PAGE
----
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The Mountain Goats The Mountain Goats
Album: In League With Dragons
Label: Merge
Tracks: 12

I'm a bit of a hippy at heart, and "In League With Dragons" promotional blurb tells the story the writing of this accomplished album that "began life as a rock opera about a besieged seaside community called Riversend ruled by a benevolent wizard". Well that just intrigued, and prepared me to expect everything and anything. What follows is indeed interesting, and I think I agree with John Darnielle's hope that a new genre of "dragon noir" should evolve from this work.

Put aside any Game of Thrones dragon imagery that may have been conjured up though because this is a much more thoughtful and intelligent offering, and would probably have earned cult status in the heyday of progressive rock. Songwriter and guitarist Darnielle has a voice that meters a little like Al Stewart, and like Stewart his is not a technically perfect voice but it does suit the progressive themes of the music, and it is a storytelling voice.

This is (I think) the 17th or 18th "Mountain Goats" album for which the other musicians are Jon Wurster (drums), Peter Hughes (bass guitar), and Matt Douglas (described as a multi-instrumentalist) with the addition of Robert Bailey on additional vocals and the Macedonian Radio Symphonic Orchestra providing the string section. "In League With Dragons" is engineered by Matt Ross-Spang (Margo Price, Jason Isbell, John Prine) and produced by Owen Pallett.

There is some terrific musicianship throughout the album which announces itself with a steady beat and gentle piano chords to introduce "Done Bleeding', by no means a crescendo start but one that draws you in and holds that sense of intrigue. My interpretation of this album's lyrical content is that on the one hand it helps to explode the myth that wizards, figures of authority, sporting and music icons are any less human beings than the rest of us, and on the other permits us to fantasise that they are a dimension above.

Other than Al Stewart, comparisons with other musicians are difficult to make, and that is a compliment to this unique piece of work, but the acoustic guitar rhythm in "Younger" does remind me of early Moody Blues, possibly because of the way it blends with the backing vocals. This is a song with 'single' quality. "Passaic 1975" at first feels more conventional by comparison, but just like "Done Bleeding" it's a song that draws you in, this being an account of some the life on the road moments in the extraordinary life of Ozzy Osbourne.

The mood changes a little for "Clemency for the Wizard King" where dual vocals are employed to support the fingerpicking style of this song. "Possum by Night" carries the immortal line "grow fat and grow old, go blind and be content" and reflects again on the mundane struggles of people in the public eye. The title track "In League With Dragons" follows with an irrepressible, soft rock beat, beautifully crafted lap steel guitar in a supporting role, and provides a lyrical summation of someone of a public figure struggling with themselves, their demons, and where they find themselves in life.

The pace holds up with "Doc Gooden" continuing the theme of high profile people battling with their failing or faltering careers, in this case the fall from prominence of a major league baseball star. For me, "Going Invisible 2" is the album's stand out track. With cathedral organ style backing this is the album's one true earworm, a short, vocally impassioned song that is nicely interrupting the drive of the album and giving pause for breath.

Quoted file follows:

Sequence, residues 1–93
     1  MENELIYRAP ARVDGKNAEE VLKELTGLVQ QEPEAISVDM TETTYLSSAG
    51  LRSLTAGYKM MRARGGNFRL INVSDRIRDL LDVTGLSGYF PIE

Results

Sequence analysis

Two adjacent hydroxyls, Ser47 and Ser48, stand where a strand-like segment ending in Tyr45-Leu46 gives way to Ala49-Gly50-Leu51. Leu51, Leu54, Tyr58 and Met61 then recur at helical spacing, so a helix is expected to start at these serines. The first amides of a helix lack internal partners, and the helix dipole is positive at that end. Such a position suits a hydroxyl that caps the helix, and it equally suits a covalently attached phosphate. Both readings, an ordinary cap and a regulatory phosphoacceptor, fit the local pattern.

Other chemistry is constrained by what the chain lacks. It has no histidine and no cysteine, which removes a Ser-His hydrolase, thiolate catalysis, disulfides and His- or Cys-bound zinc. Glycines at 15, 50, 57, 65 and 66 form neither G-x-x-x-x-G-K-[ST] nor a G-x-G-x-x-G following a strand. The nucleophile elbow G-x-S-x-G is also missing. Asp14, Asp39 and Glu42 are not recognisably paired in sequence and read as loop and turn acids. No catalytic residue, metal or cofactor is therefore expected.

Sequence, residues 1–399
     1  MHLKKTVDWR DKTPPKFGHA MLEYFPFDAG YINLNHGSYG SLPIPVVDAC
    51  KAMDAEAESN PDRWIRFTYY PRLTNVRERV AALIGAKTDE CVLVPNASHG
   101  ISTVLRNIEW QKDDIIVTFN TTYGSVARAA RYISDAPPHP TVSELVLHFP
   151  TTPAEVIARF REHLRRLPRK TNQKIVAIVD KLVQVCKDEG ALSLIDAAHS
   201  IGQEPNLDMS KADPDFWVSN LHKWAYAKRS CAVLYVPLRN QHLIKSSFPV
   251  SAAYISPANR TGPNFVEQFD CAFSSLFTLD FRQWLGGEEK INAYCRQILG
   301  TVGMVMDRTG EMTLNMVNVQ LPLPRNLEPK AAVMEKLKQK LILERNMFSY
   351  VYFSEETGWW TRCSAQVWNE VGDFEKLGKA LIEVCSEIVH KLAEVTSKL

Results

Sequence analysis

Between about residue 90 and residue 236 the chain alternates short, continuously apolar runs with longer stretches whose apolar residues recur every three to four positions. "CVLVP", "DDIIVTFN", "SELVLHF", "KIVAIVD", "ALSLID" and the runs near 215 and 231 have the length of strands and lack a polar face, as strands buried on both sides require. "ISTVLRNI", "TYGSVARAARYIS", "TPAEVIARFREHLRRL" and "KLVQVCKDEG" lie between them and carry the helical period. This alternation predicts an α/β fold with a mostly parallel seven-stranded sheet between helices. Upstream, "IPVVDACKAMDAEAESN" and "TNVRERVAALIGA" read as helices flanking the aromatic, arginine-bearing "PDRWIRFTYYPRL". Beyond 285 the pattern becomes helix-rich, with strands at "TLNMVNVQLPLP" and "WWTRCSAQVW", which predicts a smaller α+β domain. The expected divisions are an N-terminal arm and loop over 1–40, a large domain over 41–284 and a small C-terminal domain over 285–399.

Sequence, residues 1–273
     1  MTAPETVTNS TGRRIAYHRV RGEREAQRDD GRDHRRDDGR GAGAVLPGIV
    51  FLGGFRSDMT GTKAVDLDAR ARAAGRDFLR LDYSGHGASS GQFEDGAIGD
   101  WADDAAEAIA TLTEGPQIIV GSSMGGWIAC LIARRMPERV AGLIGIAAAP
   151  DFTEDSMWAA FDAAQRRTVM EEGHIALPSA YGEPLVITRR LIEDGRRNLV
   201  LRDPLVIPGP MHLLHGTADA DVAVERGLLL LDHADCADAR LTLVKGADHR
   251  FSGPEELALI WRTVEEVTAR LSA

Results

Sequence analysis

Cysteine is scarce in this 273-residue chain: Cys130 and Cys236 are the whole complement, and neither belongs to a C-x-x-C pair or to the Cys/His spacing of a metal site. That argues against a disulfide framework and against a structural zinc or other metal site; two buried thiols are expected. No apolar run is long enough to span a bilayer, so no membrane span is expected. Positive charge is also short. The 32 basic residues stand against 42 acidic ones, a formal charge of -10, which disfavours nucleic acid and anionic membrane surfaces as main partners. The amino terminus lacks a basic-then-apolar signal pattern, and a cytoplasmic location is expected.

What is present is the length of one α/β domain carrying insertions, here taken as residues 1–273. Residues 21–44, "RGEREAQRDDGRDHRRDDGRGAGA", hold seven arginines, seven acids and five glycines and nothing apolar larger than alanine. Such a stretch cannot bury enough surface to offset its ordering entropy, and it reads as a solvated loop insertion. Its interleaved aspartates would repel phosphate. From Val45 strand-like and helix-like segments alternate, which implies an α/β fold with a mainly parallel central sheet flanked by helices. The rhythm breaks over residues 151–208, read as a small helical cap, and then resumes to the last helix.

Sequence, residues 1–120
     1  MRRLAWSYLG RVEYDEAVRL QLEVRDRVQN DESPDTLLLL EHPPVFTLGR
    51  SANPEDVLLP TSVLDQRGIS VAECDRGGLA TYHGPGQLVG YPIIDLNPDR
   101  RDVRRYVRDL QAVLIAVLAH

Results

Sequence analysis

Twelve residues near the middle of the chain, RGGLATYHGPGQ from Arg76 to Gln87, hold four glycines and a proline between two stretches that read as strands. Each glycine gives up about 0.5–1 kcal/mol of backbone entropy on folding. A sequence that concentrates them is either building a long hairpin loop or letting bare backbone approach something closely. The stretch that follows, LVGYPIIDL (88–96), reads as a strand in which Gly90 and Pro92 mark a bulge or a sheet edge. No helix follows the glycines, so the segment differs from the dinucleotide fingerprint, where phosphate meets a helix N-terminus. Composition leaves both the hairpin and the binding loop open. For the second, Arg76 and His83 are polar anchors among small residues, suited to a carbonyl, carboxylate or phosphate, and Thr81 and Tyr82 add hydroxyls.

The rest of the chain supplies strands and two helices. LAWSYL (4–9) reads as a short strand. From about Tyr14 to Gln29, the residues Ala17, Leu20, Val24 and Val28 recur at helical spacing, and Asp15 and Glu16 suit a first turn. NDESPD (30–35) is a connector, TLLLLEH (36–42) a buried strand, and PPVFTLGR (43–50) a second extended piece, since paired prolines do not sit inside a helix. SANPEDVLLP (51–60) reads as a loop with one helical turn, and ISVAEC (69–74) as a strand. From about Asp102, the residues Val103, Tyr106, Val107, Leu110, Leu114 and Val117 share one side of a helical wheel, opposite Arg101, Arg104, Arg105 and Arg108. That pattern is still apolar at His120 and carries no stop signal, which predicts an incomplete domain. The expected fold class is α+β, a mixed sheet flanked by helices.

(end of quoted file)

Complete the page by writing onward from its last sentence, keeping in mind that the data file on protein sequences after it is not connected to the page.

'Waylon Jennings Live!" is an outlaw country song about a country outlaw which on first listening feels like a bit of a leap from the "benevolent wizard" theme, but it's another song that really grows on you, made by some of its dusty outlaw bar lyrics: "looking up at the one man in this room who has had more cocaine than me". The beginning of the curiously titled "Cadaver Sniffing Dog" continues the country rock theme but then transforms into more of a catchy pop song, with chugging percussion and a fabulous lead guitar break being the highlight of this track.

"An Antidote for Strychnine" is six minutes of mood music that perfectly suits Darnielle's vocal style. I was really struck by this track. Some might call it easy listening but there is much more to this song than initially meets the ears. It builds carefully and has more progressive echoes than many of the other songs. On first listen I was expecting a guitar solo in the build but instead it delivers some incredibly well-blended sounds with guitar and keys bouncing off each other without need for any kind of solo. "Sicilian Crest" starts like a Joe Walsh song of old. At first I felt I would not have finished an album with it. The previous track felt like more of a closer, but in the final analysis the works because it provides an uplifting ending to a really interesting listen.

Released on 26th April, this is an album that doesn't conform to any particular genre (other than "dragon noir"!), and that's something that has appeal for me. I like music that challenges and delivers something, and "In League With Dragons" definitely achieves that. You can make of the album and interpret its lyrics however you like, but few will be able to disagree with Darnielle himself that his songs take you "from shades of the 80s Athens scene to outlaw country and a few motoric meditations".

John Reed